Nov 20, 2013

Mitsubishi Motors considering TSR for Russia-bound CKD kits: VP Harunari


Hiroshi Harunari (left), vice-president of Mitsubishi Motors, at the speech table

Hiroshi Harunari, executive vice-president of Mitsubishi Motors Corp., talked about the current state and future outlook of the company's production/logistics systems in Russia at the country's Kaluga Presentation that was held in the city on November 18. Mitsubishi Motors currently manufactures two vehicles, including an SUV, through PCMA Rus, the assembly plant that it jointly owns with PSA Peugeot Citroen. CKD (complete knockdown) kits are hauled by sea from Japan and Thailand. However, the company is considering using the Trans-Siberia Railway (TSR) in order to shorten the lead time, so it will also conduct trials going forward. Meanwhile, it will engage in the promotion of the localized procurement of parts and materials not only to control the exchange rate fluctuation risks and the rise in costs, but also to continue enjoying tax exemptions in the country. Mitsubishi Motors aims to realize 50% or higher localized procurement ratio in the future, with Harunari saying that, "We are eager about the foray of Japanese-affiliated suppliers."

Located in Rosva in Kaluga province, southwest of Moscow, PCMA Rus kicked off operation in 2009. Apart from Mitsubishi Motors' Outlander and Pajero Sport, it also manufactures Peugeot, Citroen brand's C segment sedan and other vehicles. Its factory has a total floor area of about 145 hectares, housing two lines each for car bodies and assembly and one painting/coating line. Its annual production volume of the two Mitsubishi models totals about 40,000 units.

With regard to the backdrop of selecting Kaluga for its production site, Harunari said that, "The provincial government's acceptance and support of foreign-funded entities have been beefed up and it is close to Moscow, which has a population of around 10 million people. Relatively inexpensive labor can also be secured in the area and we get to enjoy tax exemptions such as fixed asset and corporate taxes, so we decided to make a foray into this region." The company initially started with the semi-knockdown method, but it began CKD production for the Outlander in November 2012 and for the Pajero Sport in July 2013.

CKD kits are hauled via containerships from Japan's Okazaki plant and Thailand. The cargoes are unloaded at the Tallinn port of Estonia and then transported by railway to the factory in Kaluga. The Russian plant has its own railroad service track and customs clearance procedure is done within the plant, thereby making the process extremely smooth. However, it takes a rather long time of about three months from the time of ordering up to actual delivery, so Mitsubishi Motors is thinking of using the TSR in order to shorten the lead time since there are problems such as the long time needed for reflecting packaging and design changes, among other issues. It is already conducting trials and has verified that there are no problems in collapsing loads and so on. Now Mitsubishi Motors is scheduled to undertake trials for CKDs as well and if transshipment at Pusan port is done smoothly, it will be able to cut the transport time by a wide margin.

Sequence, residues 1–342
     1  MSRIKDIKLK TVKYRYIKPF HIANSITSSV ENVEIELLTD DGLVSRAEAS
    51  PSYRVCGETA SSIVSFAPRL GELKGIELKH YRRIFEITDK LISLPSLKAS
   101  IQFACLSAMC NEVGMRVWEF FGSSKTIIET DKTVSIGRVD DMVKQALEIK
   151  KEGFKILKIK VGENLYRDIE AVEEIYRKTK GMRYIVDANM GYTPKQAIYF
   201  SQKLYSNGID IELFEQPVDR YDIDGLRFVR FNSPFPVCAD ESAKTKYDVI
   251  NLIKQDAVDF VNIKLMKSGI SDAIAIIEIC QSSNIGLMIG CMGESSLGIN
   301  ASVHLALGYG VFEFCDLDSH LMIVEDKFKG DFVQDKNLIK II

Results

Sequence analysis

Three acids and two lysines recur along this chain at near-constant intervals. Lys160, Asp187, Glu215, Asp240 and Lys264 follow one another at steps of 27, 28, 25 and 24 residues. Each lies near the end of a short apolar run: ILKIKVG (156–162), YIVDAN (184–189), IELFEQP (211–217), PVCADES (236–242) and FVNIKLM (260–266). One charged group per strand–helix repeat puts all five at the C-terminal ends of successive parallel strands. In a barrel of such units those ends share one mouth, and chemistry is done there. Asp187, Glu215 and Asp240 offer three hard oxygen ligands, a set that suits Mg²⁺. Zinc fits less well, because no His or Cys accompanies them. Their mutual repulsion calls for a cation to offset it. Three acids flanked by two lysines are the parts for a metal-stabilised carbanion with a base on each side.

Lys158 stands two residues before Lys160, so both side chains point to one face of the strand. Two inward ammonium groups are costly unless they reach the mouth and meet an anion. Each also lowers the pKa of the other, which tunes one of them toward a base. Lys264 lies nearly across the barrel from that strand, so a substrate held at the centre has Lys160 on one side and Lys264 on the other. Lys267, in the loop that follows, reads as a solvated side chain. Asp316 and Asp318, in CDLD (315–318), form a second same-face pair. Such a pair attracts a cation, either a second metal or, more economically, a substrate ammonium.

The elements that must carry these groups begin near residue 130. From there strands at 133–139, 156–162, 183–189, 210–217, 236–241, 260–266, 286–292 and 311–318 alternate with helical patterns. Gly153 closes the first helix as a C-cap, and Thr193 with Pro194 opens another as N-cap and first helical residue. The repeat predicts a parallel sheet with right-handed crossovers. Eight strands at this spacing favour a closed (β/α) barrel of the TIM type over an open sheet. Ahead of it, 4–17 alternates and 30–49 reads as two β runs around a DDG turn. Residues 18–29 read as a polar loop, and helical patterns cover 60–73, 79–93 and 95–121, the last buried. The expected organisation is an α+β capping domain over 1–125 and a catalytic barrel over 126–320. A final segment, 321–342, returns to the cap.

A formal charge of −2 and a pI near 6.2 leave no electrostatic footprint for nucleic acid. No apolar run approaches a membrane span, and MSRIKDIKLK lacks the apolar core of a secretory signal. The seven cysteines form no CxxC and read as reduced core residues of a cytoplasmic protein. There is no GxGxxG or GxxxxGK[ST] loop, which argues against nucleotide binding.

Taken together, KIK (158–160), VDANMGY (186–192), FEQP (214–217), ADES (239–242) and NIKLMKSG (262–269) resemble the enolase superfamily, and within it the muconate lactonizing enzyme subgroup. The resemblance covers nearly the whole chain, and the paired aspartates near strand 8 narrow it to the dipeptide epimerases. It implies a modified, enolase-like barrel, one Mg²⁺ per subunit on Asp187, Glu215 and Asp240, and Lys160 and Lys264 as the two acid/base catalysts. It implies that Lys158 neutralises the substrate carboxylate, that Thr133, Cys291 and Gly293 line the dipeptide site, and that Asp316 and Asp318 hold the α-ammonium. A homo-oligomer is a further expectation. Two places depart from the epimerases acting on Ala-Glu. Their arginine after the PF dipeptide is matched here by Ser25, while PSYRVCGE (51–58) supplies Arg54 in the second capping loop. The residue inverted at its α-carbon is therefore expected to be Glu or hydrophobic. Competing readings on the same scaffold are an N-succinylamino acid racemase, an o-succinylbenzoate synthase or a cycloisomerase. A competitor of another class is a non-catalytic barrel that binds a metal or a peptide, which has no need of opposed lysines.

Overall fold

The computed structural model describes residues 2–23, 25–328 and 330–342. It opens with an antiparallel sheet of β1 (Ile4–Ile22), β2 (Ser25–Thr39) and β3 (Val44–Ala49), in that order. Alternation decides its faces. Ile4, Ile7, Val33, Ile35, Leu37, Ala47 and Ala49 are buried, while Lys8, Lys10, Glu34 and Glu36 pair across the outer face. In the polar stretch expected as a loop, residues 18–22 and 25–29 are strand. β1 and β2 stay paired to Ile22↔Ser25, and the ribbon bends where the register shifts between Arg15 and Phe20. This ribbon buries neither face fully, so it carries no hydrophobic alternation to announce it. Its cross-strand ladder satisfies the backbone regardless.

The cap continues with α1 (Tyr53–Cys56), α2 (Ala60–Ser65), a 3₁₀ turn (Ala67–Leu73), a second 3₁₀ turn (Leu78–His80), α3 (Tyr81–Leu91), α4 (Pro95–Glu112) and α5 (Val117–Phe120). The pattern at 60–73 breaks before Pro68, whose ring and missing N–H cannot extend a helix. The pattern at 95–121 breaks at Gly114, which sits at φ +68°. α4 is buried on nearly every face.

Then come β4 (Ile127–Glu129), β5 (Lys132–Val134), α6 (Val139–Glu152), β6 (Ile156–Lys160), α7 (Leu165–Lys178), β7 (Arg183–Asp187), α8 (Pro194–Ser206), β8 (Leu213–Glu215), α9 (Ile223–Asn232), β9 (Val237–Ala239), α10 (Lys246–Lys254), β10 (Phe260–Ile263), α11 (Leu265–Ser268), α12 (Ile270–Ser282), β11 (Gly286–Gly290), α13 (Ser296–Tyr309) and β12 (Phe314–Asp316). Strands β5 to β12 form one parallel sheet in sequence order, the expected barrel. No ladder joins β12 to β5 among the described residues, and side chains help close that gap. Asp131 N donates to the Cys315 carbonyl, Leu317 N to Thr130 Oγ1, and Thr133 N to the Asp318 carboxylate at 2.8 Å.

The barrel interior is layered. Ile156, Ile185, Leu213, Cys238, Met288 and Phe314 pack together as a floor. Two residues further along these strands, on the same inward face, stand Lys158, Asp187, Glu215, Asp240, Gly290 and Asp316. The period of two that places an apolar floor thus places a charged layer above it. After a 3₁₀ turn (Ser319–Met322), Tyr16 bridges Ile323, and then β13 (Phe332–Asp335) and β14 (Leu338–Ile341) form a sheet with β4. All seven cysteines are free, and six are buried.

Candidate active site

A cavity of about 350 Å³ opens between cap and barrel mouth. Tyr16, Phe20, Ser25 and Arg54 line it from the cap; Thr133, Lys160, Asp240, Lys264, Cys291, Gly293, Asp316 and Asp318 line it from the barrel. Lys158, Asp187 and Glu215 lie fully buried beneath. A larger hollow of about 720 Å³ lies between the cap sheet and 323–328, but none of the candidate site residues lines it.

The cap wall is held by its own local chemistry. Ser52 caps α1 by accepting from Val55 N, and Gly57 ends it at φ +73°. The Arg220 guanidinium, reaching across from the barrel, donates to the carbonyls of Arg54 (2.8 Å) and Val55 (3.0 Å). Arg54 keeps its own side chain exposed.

Meanwhile, Mitsubishi Motors will also mount activities toward the enhancement of the localized procurement ratio. PCMA Rus has entered into a localized procurement provision with the Russian authorities called the D166, which would require it to raise its local procurement ratio in stages of 24 months, 42 months and 54 months from commencement of production in order to continue enjoying various tax exemptions. With this, the company has to clear the required 30% and higher local procurement ratio and annual production output of 25,000 units and higher by March 2018. As a result, customs duties that usually stood at 5-20% for CKD imports will drop to 0-5%.

Mitsubishi Motors is moving to boost the ratio of locally procured parts not only to comply with the D166 agreement, but also to reduce the exchange fluctuation risks and transport costs. It plans to frontload the attainment of the above target to 2015. Meanwhile, Harunari pointed out that, "Even major global suppliers rely on imports for small parts, so there is a shortage of suppliers in the Tier 2 and lower categories. The suppliers are also made up mainly of European/U.S.-affiliated entities as there are no Japanese-affiliated enterprises who have advanced into this region. We expect the advent of Japanese-affiliated suppliers from the perspectives of cost and quality, too." South Korea's Hyundai Motor Co. has advanced the local procurement of its parts, including from its affiliated suppliers, so its local procurement ratio has already exceeded 50%. Mitsubishi Motors wants to achieve a local procurement ratio of 50% and above, too.

Further, Harunari said that, "There are various problems at hand, including the language barrier, the long time needed in obtaining the necessary licenses, the numerous document procedures and the complicated taxation system in the country." He stressed that, "Russia's automobile market is projected to grow to the 5 million-unit level in the future. And while it would take time for the procedures, there is support from the provincial government, so Russian businesses have so far been progressing virtually in accordance of the plan." If the local procurement ratio surpasses the 50% level, then it would be possible for Mitsubishi Motors to export its products to Ukraine, which is expected to manifest market growth henceforth, free from duty, as well as target as leading markets the former CIS countries which have a customs union with Russia. "We have an extremely strong sense of hope on the region's market scale in the future," claimed Harunari.

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